Agentivity and intentionality

Tom Givon tgivon at OREGON.UOREGON.EDU
Thu Mar 8 12:06:34 UTC 2001

RE: AGENT: I think what Scott alludes to is that you cannot reduce all
instances of 'agent' to 'intentional'. But if AGENT is a natural human
cognitive category -- i.e. constructed as a PROTOTYPE with multiple
features--you need not assume that ALL instances of AGENT will always
display the feature of intentionality, but only that a large majority
will (say at least 90%, my guess?). Natural categories are not
exceptionless, they just represent an strong statistical trend
(preponderance of evidence). So, I suspect, if a usage-based assessment
will be made of supposed 'agentive' or 'active' verbs in text, you'll
find a very robust association of AGENT with intentionality. As well as
with 'control', 'acting', 'responsibility', and 'blame-worthiness'. So
one would expect, as in other natural categories a-la E. Rosch, to have
strong but not absolute FEATURE ASSOCIATION. If someone wishes to
falsify this hypothesis, it's relatively easy to do so, with a large
enough text (say 50 pp.). But until one did such quantification, it is
not clear that we have sufficient ground for treating AGENT differently
that all other natural cognitive categories. They are all
frequency-driven. Cheers,  TG

Noel Rude wrote:
> on 3/7/01 10:41 AM, Scott Delancey at delancey at OREGON.UOREGON.EDU wrote:
> >
> > But it's abundantly clear that intentionality is not part of the
> > semantic role (or whatever you choose to call them) Agent, and I
> > honestly have a very hard time understanding how anyone could suppose
> > that it is.
> Folks,
> Doesn't any theory have to allow for metaphor and extended use and
> abstraction and feature suppression and all that?  We all know that
> intentionality is there in human thought -- we've got a word for it -- so I
> guess what we're questioning is whether it ever drives grammar -- is it a
> category of grammar?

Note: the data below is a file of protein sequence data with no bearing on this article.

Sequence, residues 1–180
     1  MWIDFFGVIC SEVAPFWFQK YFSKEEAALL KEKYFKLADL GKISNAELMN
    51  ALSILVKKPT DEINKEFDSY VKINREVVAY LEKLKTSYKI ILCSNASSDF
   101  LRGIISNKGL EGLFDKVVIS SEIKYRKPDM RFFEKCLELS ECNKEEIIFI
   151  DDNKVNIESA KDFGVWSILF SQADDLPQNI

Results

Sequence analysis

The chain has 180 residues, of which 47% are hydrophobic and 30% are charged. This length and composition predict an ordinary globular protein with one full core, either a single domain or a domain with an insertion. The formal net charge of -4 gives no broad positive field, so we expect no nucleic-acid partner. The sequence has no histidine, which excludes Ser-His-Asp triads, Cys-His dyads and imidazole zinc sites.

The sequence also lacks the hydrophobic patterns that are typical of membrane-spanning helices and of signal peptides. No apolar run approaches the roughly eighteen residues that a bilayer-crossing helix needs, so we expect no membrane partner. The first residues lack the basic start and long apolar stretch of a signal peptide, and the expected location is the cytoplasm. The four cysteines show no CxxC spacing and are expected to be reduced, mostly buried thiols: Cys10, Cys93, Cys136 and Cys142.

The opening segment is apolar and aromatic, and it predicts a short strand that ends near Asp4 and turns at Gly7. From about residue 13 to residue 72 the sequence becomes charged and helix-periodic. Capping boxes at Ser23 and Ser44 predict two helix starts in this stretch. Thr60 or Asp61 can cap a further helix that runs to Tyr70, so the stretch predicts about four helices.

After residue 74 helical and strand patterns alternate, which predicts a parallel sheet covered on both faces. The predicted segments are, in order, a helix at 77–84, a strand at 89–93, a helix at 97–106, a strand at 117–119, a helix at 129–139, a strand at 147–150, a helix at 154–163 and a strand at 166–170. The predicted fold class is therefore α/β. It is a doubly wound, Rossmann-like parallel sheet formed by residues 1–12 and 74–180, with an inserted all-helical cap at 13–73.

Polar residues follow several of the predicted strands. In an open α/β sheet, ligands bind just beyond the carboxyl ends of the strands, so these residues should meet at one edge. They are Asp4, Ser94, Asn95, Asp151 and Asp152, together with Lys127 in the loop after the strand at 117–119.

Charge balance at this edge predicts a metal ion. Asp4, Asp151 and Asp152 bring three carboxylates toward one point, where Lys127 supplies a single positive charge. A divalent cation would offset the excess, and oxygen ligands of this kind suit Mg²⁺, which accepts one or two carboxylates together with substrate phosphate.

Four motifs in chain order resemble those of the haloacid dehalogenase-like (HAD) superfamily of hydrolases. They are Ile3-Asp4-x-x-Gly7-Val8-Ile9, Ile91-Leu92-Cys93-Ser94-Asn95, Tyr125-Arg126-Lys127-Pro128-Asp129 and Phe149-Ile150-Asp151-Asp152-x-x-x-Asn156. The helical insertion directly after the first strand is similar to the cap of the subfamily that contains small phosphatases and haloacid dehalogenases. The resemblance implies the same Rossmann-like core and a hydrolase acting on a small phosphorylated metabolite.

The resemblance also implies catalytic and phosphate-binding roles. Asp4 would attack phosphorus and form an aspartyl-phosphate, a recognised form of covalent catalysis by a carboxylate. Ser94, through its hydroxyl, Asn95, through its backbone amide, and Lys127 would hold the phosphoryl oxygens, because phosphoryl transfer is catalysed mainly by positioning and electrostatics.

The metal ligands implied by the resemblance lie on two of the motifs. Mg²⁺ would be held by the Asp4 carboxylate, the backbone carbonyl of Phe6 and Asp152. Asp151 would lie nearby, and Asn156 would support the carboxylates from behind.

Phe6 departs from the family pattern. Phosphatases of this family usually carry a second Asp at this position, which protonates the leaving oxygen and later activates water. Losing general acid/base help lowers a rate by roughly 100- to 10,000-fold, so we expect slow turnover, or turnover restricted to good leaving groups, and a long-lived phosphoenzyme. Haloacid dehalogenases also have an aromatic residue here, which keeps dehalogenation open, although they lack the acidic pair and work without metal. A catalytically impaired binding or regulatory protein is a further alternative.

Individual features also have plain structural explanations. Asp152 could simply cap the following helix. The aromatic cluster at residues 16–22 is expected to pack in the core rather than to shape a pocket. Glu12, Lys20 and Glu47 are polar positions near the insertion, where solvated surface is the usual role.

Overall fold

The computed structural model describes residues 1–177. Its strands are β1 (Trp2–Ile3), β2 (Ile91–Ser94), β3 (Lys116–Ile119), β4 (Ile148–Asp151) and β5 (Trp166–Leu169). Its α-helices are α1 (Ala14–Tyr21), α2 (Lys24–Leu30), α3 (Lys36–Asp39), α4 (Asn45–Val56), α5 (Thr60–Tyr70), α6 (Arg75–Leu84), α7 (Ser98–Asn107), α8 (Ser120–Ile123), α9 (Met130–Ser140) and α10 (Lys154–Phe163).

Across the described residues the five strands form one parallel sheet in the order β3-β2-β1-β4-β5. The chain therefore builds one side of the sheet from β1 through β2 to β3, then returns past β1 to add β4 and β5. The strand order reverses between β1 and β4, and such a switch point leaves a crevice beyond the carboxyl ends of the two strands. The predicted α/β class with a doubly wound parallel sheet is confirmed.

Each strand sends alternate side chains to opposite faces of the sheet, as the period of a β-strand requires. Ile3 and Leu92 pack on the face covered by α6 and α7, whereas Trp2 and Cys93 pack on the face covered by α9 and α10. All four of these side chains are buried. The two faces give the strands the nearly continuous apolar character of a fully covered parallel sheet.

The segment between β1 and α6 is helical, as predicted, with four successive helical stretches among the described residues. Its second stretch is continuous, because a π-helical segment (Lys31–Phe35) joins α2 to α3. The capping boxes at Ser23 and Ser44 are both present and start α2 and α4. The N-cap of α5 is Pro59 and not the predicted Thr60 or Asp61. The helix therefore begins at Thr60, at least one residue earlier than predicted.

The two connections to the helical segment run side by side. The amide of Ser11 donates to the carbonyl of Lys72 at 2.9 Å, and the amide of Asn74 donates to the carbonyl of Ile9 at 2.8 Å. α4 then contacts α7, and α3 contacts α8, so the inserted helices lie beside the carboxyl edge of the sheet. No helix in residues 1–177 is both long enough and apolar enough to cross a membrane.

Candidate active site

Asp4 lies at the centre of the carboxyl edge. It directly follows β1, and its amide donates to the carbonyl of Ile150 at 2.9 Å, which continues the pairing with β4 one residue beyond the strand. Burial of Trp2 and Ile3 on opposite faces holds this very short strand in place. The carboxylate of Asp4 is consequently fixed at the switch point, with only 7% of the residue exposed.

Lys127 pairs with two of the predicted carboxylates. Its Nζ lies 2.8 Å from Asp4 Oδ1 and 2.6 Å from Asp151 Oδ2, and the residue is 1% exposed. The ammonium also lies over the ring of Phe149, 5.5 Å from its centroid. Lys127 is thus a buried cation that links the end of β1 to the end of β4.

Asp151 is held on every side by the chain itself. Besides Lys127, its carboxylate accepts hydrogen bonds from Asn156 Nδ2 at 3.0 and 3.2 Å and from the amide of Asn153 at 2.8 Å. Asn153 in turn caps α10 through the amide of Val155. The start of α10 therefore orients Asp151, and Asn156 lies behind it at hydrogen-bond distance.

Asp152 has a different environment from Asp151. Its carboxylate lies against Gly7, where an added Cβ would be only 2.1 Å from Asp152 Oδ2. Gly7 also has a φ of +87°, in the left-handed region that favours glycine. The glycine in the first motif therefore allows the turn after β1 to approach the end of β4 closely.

> If we deny that Agents are Intentional Causes then we must believe that
> intention is only inferred pragmatically, that a clause like "I broke it" in
> no way of itself implies intentionality, that this comes only from the
> broader context or situation.  But which is easier, to suppress it in the
> context you give or add it in other contexts?
> Surely we cannot so easily do away with intention as something fundamental
> and primitive in Natural Language.  If you remove intention from the grammar
> then you will have to build into your pragmatic discription some principles
> for inferring it.
> Intention is there lexically lurking in contrasts like look vs. see, pour
> vs. spill, and, really, when you think of it, isn't even the category
> <Human> better seen as <Potentially Intentional>?  Sahaptin, an American
> Indian language in these here parts, even has a derivational prefix XA-
> whose basic meaning seems to be 'unintentional' (and by extension
> 'suddenly') -- it very often detransitivizes, as, for ex., tamAnuun 'throw
> into water' versus XAtamanuun 'fall into water'.
> Why shouldn't Agent (in the prototypical sense) be seen as a complex of at
> least Cause and Intention and Natural Language as flexible enough to allow
> for the suppression (even degrees of suppression or enhancement) of one or
> the other or both these features?  It just seems to me that at whatever
> level we deal with intention, deal with them we must.
> Noel

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